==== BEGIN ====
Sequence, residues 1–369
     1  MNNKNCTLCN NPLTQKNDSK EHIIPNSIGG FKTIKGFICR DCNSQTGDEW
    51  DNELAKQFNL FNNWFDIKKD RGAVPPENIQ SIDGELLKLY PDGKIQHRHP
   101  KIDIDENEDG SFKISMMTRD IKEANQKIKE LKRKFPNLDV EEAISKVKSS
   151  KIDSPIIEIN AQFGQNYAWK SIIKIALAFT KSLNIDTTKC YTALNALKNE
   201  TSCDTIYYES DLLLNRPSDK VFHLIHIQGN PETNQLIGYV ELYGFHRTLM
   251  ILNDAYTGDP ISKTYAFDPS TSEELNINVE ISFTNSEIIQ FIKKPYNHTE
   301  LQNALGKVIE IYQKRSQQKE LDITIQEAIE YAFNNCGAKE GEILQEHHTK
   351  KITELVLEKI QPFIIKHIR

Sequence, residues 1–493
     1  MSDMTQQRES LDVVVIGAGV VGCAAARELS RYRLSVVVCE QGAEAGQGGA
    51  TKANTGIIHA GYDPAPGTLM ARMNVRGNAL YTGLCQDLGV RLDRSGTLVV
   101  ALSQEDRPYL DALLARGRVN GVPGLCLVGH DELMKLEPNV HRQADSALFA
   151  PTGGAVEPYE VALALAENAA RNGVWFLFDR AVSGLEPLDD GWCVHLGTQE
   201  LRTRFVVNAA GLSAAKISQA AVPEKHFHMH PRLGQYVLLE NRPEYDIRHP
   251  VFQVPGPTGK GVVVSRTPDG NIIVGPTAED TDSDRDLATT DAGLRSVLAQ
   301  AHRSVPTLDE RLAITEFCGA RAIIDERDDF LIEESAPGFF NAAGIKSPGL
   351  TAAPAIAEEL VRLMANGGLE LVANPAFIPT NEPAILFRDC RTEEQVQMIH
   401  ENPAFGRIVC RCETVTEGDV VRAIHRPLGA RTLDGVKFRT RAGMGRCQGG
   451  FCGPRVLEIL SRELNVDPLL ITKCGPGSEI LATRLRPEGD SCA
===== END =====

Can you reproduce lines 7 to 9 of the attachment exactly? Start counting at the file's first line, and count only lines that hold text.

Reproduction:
   251  ILNDAYTGDP ISKTYAFDPS TSEELNINVE ISFTNSEIIQ FIKKPYNHTE
   301  LQNALGKVIE IYQKRSQQKE LDITIQEAIE YAFNNCGAKE GEILQEHHTK
   351  KITELVLEKI QPFIIKHIR